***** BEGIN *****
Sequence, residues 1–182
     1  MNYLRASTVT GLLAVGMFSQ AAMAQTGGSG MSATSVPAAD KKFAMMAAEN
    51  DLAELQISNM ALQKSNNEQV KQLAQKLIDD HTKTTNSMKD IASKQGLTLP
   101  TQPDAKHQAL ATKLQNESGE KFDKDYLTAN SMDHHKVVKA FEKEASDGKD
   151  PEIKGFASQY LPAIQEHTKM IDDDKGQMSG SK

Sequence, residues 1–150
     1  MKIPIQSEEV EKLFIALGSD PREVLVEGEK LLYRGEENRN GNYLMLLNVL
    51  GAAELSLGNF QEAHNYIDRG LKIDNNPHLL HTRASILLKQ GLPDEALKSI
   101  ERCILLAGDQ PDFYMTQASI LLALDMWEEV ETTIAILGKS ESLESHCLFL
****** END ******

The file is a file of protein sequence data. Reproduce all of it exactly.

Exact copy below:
Sequence, residues 1–182
     1  MNYLRASTVT GLLAVGMFSQ AAMAQTGGSG MSATSVPAAD KKFAMMAAEN
    51  DLAELQISNM ALQKSNNEQV KQLAQKLIDD HTKTTNSMKD IASKQGLTLP
   101  TQPDAKHQAL ATKLQNESGE KFDKDYLTAN SMDHHKVVKA FEKEASDGKD
   151  PEIKGFASQY LPAIQEHTKM IDDDKGQMSG SK

Sequence, residues 1–150
     1  MKIPIQSEEV EKLFIALGSD PREVLVEGEK LLYRGEENRN GNYLMLLNVL
    51  GAAELSLGNF QEAHNYIDRG LKIDNNPHLL HTRASILLKQ GLPDEALKSI
   101  ERCILLAGDQ PDFYMTQASI LLALDMWEEV ETTIAILGKS ESLESHCLFL